For Rural Communities, Broadband Expansion Is No Single Thing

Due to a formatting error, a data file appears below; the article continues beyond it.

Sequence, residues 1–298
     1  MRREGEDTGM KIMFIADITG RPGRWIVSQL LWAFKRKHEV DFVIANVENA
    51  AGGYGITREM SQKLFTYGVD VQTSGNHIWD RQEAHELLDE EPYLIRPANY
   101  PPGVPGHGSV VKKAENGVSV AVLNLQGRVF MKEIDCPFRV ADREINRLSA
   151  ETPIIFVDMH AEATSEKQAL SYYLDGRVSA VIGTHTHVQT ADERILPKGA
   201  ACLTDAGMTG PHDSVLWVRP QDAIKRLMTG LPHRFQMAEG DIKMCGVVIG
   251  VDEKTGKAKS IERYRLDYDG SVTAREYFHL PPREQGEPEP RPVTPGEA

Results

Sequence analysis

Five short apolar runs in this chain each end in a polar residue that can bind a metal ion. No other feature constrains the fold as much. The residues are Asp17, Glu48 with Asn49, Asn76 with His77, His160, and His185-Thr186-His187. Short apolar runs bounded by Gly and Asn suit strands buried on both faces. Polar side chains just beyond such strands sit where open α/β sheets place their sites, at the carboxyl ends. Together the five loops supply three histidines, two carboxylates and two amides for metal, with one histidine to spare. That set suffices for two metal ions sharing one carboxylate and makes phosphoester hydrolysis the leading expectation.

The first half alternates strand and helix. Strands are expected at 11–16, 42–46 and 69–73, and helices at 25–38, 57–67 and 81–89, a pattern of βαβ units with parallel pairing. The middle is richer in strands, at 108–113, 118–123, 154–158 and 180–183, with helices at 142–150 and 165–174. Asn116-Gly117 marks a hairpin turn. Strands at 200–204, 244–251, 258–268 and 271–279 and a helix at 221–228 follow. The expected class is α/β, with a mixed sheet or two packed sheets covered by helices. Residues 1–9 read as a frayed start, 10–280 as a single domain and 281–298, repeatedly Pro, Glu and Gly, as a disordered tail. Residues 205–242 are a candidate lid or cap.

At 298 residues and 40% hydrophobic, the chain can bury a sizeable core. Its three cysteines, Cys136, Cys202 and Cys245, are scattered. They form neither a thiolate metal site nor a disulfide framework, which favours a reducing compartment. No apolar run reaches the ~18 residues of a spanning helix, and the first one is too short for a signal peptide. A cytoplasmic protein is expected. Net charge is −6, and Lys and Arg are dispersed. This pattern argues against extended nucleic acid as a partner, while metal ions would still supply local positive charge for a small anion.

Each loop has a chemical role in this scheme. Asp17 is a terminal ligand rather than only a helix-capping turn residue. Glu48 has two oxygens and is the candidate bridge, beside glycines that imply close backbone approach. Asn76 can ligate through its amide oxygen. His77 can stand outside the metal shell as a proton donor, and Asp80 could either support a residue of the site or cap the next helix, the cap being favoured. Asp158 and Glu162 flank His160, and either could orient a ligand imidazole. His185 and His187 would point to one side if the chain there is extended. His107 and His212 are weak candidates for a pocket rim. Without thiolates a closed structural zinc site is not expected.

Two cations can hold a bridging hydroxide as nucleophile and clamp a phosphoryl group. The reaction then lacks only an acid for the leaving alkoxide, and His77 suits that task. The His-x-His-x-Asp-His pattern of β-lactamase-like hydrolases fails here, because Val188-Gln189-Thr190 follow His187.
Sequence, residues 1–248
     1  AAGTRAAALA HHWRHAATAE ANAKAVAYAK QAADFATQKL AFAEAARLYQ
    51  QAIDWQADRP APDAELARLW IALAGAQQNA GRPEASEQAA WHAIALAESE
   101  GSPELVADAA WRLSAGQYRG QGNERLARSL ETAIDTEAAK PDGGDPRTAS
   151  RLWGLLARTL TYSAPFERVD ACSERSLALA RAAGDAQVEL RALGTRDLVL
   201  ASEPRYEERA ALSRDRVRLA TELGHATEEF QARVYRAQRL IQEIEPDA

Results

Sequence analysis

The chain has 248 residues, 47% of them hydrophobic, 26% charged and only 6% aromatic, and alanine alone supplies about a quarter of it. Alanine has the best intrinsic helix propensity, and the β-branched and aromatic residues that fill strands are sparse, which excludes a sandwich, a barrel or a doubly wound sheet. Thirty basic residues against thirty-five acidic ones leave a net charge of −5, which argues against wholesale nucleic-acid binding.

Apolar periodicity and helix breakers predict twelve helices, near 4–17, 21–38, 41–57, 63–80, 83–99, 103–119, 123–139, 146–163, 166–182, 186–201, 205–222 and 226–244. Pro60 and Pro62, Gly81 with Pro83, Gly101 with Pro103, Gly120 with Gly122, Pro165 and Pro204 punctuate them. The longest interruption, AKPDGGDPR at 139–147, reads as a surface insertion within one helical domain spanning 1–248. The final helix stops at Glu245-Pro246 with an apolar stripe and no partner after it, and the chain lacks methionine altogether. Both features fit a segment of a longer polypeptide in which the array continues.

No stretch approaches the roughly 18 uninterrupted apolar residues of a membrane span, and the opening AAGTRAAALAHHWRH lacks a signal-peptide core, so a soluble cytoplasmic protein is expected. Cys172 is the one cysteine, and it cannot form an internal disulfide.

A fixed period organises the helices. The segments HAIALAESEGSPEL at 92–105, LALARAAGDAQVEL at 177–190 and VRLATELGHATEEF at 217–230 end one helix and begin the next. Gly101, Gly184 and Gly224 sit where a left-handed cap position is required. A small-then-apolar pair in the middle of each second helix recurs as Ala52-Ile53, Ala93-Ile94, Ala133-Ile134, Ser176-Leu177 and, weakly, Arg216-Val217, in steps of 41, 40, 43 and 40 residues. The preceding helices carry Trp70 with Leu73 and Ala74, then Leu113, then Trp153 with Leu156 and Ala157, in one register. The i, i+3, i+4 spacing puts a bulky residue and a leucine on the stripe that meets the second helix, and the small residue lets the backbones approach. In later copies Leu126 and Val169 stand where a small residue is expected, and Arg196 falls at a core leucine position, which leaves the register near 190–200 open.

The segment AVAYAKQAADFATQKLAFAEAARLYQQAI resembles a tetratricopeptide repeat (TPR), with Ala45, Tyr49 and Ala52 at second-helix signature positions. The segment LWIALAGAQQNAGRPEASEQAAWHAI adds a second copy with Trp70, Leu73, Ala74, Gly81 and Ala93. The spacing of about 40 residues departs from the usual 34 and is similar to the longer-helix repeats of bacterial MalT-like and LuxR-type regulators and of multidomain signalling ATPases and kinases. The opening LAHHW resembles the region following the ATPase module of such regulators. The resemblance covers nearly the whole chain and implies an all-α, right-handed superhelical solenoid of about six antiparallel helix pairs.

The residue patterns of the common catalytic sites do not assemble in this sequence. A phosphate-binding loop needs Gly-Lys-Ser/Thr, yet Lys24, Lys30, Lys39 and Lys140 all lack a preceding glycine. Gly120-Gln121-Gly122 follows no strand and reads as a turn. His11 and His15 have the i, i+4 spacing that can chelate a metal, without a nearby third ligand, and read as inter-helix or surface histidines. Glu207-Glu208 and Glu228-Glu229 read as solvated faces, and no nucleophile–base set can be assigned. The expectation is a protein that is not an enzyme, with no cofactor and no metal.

Tourism runs the economy in the old mining town of Silverton, Colorado. From skiers in the winter to hikers and four-wheelers and mountain enthusiasts of all stripes in the summer – without tourism, the town of around 600 people has very little industry.And there is one resource the town is absolutely dependent on – the Internet.Most coffee shops, restaurants, and souvenir shops rely on the Internet to keep their business running — without it, owners can’t accept credit or debit cards. Without reliable, affordable Internet, rural communities have limited economic opportunities and lack access to education, healthcare, and many other services.The Broadband Equity, Access, and Deployment (BEAD) Program, created under the Infrastructure Investment and Jobs Act, passed in November of 2021, provides grants to states for broadband expansion to provide accessible, high-speed Internet especially to rural communities. States, local governments, and nonprofits are now tasked with finding ways to use the currently available funding to bring broadband to residents.Broadband expansion is a once-in-a-lifetime opportunity, said Adrianne Furniss, director of the Benton Institute for Broadband and Society, referencing the importance of executing this enormous infrastructure project correctly. Past generations have created the highway system and brought electricity to most of the country. Broadband — high-speed, reliable Internet — is the highway system of the 21st century.The Infrastructure Investment and Jobs Act provides $42.45 billion for broadband deployment in rural areas. Furniss is concerned about spending the money wisely for this major infrastructure project.T …

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